In an early news release Simms Fishing Products announced the Simms G3 Guide Pants– which come with a built-in, adjustable belt – are ultra-waterproof and super breathable thanks to the three and five layers of GORE-TEX® Pro Shell Technology. Simms’ own nylon/polyester microfiber face fabric increases the puncture resistance of the pants, particularly in the front of the legs.

Made in Simms’ Bozeman, Montana factory, the Simms G3 Guide Pants ($379.95) comes with features designed to make a day on the water both dry and comfortable. Anglers will rave about the convenience of the RiRi® Storm™ zipper fly and two thermo-laminated hand pockets with water resistant zippers while appreciating the patented front and back leg seam construction that adds enhanced articulation, comfort and durability.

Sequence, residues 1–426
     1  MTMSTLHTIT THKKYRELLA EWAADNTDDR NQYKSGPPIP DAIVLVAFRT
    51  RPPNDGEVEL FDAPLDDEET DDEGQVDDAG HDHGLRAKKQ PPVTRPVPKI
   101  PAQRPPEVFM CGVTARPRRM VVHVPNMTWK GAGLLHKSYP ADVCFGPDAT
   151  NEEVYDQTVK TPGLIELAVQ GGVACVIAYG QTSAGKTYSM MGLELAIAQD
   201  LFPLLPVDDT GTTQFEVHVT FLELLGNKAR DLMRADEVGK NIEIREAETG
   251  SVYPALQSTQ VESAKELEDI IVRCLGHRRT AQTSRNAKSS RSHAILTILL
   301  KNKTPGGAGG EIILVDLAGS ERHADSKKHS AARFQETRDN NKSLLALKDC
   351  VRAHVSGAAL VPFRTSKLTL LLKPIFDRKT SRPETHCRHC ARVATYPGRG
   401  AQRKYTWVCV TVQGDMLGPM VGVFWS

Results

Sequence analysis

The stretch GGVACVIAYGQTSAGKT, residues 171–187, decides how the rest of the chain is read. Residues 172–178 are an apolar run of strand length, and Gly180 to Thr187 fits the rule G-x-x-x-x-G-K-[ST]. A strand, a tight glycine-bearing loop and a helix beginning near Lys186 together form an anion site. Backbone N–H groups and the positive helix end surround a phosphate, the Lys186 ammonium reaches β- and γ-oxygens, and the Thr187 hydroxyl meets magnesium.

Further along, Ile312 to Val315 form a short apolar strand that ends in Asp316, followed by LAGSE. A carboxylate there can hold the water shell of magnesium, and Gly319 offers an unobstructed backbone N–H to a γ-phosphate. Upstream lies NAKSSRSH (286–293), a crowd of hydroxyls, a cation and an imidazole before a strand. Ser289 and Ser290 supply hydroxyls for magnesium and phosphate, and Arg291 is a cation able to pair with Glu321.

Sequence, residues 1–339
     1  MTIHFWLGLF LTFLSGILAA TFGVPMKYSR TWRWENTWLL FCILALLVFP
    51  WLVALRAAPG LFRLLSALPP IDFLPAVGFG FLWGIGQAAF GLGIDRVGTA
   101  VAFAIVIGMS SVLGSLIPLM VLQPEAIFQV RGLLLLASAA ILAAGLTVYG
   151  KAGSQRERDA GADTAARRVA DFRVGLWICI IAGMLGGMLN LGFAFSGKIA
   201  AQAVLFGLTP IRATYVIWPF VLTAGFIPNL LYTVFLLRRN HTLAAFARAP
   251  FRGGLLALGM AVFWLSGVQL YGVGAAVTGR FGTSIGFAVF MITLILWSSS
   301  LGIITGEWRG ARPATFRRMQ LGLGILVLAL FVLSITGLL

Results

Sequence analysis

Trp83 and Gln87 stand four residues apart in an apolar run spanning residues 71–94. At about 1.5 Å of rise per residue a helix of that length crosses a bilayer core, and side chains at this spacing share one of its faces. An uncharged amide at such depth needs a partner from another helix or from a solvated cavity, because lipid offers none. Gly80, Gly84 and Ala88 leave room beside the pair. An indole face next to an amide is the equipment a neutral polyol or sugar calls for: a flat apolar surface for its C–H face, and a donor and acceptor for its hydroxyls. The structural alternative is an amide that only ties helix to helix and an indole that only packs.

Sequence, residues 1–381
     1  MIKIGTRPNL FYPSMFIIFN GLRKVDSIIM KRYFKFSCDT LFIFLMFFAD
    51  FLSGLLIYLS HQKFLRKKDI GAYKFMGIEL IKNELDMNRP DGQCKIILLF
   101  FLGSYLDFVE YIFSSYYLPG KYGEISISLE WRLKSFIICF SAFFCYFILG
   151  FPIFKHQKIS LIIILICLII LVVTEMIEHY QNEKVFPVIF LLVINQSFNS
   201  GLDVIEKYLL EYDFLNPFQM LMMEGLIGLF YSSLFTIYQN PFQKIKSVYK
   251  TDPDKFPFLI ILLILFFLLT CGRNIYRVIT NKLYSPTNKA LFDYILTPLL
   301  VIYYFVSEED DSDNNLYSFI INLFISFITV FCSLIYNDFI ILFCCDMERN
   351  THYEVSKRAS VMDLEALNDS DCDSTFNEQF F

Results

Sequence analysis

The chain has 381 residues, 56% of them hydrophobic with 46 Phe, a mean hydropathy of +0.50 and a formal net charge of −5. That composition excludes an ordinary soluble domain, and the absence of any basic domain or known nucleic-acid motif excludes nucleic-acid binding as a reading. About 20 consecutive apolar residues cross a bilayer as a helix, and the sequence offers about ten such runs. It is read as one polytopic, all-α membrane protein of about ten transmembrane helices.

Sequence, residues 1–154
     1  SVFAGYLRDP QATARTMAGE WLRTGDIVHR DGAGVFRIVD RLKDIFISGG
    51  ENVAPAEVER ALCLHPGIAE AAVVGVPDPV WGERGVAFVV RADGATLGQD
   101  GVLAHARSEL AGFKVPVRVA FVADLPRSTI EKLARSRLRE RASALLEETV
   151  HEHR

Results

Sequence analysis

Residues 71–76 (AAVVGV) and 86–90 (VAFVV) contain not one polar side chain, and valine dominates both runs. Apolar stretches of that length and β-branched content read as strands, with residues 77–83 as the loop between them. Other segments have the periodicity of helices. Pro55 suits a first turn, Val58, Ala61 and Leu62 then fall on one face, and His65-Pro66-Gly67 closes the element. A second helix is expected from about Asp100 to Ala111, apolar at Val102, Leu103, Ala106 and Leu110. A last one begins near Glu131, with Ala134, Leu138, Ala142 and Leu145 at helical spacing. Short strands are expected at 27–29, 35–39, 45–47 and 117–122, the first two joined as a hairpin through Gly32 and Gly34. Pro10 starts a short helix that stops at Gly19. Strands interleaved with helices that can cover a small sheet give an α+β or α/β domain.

Offered in 14 stock sizes, the Simms G3 Guide Pants have built-in Guide Model Gravel Guards designed to slip over wading boots and check in a just a smidge over two pounds (38 ounces) making them a great choice for a hike-in fishing trip to a remote stream or pond.
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Published by Dave Kile [davekile] on 09/08/2009 (2308 reads)
Fall Trout Stocking 2009...coming soon!
The Pennsylvania Fish and Boat Commission (PFBC) will begin the Fall 2009 Trout Stocking the first part of October. This summer has proven to be fairly cool and wet so the fall stocking should hopefully add to a nice hold over trout population. With this new supply of trout in the streams in Pennsylvania it may be a good chance to try some fly fishing during some of the prettiest times of the year.

The PFBC will stock about 100 streams this fall. No official numbers have been announced, but in 2007 about 47,000 trout were stocked. As reported by the PFBC, the mortality rate of the trout stocked in the fall is very high. Only about 5% of the trout stocked in the fall make it through the winter so enjoy them while you can.